The amount of the subsidy is 65% of the COBRA premium. Assistance eligible individuals will be required to pay only 35% of the otherwise applicable COBRA premium for up to 9 months. Thus, if an employer subsidizes part of the COBRA premium, then the assistance eligible individual would only be required to pay 35% of their portion of the premium.
The subsidy does not extend the maximum period of continuation coverage under COBRA (generally 18 months for an involuntary termination). An assistance eligible individual also ceases to be eligible for the COBRA subsidy upon the earlier of the following events:
- the date the individual becomes eligible for Medicare, or
- the date the individual becomes eligible for coverage under any other group health plan (other than coverage consisting of only dental, vision, counseling or referral services, a flexible spending arrangement, or coverage of treatment that is furnished in an on-site medical facility maintained by the employer that is primarily for first-aid, prevention and wellness care)
The Act mandates that the assistance eligible individual notify the group health plan in writing upon becoming eligible for Medicare or eligible for coverage under another group health plan. If the assistance eligible individual fails to notify the group health plan of their cessation of eligibility for the subsidy, the individual may be assessed a penalty equal to 110% of the ineligible subsidy unless the failure to notify is due to a reasonable cause.
COBRA Special Election and Enrollment
60 Day Special Election Period
The Act requires that group health plans again offer COBRA continuation coverage to assistance eligible individuals who are not receiving COBRA currently either because they did not elect COBRA continuation coverage or because they elected but discontinued COBRA continuation coverage. The special COBRA election period begins on February 17, 2009 and ends 60 days after the date the plan administrator provides a required election notice to the assistance eligible individual.
Coverage elected by an assistance eligible individual during this 60 day election period will begin with the first period of coverage beginning on or after February 17, 2009. In most cases, this will be March 1, 2009. Preexisting condition limitations will not apply for assistance eligible individuals electing coverage during this special election period.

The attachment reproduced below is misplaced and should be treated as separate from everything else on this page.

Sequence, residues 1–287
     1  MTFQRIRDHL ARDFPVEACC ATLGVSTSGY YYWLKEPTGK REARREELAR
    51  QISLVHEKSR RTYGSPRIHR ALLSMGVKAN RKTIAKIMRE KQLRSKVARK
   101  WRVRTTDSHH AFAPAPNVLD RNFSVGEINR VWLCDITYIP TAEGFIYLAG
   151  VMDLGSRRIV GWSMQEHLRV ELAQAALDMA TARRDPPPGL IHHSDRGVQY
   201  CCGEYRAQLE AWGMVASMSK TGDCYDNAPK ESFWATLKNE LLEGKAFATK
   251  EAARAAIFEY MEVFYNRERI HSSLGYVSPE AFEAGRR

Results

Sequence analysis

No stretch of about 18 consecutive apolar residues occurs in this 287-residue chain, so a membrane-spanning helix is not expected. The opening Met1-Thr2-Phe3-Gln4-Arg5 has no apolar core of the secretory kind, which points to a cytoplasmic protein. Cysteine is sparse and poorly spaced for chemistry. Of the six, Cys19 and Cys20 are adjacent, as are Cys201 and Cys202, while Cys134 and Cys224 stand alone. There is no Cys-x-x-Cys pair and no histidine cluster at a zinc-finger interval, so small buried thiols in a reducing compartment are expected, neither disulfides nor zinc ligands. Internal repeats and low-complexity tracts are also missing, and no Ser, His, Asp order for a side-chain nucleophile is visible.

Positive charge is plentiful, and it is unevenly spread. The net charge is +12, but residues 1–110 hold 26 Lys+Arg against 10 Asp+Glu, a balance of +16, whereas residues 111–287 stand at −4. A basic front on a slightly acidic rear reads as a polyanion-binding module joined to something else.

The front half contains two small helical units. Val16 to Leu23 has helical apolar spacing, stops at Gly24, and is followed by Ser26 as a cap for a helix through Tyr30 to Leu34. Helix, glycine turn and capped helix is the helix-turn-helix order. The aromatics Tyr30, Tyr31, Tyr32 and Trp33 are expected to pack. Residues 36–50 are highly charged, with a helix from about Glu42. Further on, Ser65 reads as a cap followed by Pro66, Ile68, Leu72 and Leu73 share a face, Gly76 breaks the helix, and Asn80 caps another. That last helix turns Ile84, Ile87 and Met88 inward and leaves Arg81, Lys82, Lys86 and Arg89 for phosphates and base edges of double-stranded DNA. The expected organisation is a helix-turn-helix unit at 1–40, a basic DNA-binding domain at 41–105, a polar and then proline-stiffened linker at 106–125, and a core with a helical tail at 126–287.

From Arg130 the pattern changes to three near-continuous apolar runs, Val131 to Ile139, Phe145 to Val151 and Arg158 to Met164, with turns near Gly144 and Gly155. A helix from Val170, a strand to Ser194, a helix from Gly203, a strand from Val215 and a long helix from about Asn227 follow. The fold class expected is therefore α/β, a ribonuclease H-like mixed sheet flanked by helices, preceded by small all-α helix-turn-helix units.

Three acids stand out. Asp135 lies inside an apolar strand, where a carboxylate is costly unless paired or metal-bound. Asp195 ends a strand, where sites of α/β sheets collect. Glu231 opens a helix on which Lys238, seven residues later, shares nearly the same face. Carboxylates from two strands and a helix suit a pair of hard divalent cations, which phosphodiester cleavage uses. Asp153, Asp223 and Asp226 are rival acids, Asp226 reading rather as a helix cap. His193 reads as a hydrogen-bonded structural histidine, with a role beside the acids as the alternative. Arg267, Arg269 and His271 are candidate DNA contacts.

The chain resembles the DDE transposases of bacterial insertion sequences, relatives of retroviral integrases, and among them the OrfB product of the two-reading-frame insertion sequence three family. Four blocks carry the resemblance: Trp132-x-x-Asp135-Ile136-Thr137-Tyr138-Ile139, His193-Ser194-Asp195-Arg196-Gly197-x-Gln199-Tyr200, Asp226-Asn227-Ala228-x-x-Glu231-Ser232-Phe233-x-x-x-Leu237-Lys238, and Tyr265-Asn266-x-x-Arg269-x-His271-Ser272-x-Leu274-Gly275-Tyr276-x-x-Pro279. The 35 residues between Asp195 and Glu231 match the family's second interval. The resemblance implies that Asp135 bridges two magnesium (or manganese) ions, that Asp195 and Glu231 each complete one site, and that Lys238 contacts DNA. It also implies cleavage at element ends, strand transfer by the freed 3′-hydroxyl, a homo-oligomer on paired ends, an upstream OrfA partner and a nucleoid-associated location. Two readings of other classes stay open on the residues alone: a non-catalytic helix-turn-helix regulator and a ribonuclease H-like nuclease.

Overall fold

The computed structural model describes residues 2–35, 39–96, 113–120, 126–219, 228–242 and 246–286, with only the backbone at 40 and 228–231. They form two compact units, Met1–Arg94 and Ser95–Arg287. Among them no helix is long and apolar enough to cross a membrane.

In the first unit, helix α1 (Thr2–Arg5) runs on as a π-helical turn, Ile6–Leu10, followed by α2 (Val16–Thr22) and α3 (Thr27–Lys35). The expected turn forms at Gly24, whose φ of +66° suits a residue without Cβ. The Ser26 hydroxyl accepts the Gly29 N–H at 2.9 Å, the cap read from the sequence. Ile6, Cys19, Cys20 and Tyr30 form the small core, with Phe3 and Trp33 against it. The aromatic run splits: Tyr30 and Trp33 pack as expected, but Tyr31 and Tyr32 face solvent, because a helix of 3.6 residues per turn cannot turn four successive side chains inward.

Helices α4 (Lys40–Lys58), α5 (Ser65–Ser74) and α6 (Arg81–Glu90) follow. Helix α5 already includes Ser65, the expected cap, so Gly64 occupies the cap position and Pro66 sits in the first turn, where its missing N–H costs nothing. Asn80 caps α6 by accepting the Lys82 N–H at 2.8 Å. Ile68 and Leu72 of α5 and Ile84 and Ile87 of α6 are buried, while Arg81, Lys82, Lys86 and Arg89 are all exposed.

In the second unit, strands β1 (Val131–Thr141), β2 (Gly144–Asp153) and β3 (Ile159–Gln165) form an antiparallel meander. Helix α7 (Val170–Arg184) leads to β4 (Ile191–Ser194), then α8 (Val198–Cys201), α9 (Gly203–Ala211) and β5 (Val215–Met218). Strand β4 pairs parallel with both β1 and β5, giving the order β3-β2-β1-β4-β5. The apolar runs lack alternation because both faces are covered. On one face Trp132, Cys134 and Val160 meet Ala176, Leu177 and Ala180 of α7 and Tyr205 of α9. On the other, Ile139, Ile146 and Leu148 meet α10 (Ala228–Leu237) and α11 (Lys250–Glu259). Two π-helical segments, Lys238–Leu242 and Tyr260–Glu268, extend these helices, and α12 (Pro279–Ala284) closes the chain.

Thus, employers will need to locate former employees who involuntarily terminated and who did not elect COBRA, so as to provide them with this additional notice of their right to elect COBRA coverage with the subsidy.
Voluntary Special Enrollment
Under COBRA, a qualified beneficiary is entitled to elect COBRA continuation coverage under the plan from which he or she received coverage on the day before the qualifying event. The Act permits (but does not require) an employer to allow an assistance eligible individual to elect coverage under either the plan in which the individual was enrolled on the date of the qualifying event or under a different plan with an equal or lower monthly premium. The different plan must be available to active employees and may not consist solely of coverage for dental, vision, counseling or referral services, a flexible spending arrangement, or coverage at an on-site medical facility maintained by the employer providing primarily first-aid, prevention and wellness care.
If an employer provides this special enrollment option, the assistance eligible individual will have 90 days after the date of notice of the plan enrollment option to elect coverage.
COBRA Subsidy Notice Requirements
General Notice Employers and plan administrators must comply with the Act’s general notice requirements regarding the COBRA subsidy. The notice must be provided to all employees who terminate employment between September 1, 2008 and December 31, 2009 (not just those employees who are terminated involuntarily). The notice must specify (i) the availability of the premium subsidy and (ii) the option to enroll in different coverage if the employer is permitting a choice.
Under the Act, the notice must also satisfy these requirements: